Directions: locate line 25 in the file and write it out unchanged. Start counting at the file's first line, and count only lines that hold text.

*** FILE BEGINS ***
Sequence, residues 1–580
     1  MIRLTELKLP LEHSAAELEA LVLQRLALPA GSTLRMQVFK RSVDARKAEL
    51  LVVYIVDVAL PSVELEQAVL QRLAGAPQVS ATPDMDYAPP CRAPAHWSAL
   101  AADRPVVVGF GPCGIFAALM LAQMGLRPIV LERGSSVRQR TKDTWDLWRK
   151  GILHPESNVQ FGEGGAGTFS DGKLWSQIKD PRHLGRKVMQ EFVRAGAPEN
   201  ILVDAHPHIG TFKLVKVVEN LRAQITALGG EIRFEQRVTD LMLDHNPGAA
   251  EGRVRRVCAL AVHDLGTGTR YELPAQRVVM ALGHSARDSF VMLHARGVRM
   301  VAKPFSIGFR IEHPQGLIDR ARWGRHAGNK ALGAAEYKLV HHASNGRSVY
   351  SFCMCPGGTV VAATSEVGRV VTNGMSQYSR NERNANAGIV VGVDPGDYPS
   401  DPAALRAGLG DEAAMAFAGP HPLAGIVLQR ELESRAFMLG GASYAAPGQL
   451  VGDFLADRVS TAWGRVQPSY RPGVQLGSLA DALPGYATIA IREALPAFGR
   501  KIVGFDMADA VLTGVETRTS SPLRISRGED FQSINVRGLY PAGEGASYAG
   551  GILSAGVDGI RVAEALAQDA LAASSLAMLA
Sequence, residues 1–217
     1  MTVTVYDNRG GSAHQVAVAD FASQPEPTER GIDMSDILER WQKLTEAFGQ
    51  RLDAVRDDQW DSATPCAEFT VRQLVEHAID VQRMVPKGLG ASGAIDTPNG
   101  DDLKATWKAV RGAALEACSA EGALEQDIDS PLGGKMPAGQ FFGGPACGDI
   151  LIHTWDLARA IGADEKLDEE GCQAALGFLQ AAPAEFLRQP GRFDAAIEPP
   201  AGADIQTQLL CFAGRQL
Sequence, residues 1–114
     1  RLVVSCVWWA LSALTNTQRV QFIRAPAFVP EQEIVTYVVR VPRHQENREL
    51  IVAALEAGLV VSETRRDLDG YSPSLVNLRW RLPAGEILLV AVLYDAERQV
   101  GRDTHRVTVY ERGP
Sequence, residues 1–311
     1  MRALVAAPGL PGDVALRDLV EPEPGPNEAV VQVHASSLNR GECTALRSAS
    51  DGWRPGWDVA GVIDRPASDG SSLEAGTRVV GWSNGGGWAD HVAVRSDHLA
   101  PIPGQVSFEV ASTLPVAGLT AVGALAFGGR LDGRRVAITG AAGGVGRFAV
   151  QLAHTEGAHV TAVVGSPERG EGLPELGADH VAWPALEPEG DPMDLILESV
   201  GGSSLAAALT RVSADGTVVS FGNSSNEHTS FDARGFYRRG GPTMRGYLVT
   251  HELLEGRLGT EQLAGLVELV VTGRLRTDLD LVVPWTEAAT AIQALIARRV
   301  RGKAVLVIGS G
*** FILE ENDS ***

     1  MRALVAAPGL PGDVALRDLV EPEPGPNEAV VQVHASSLNR GECTALRSAS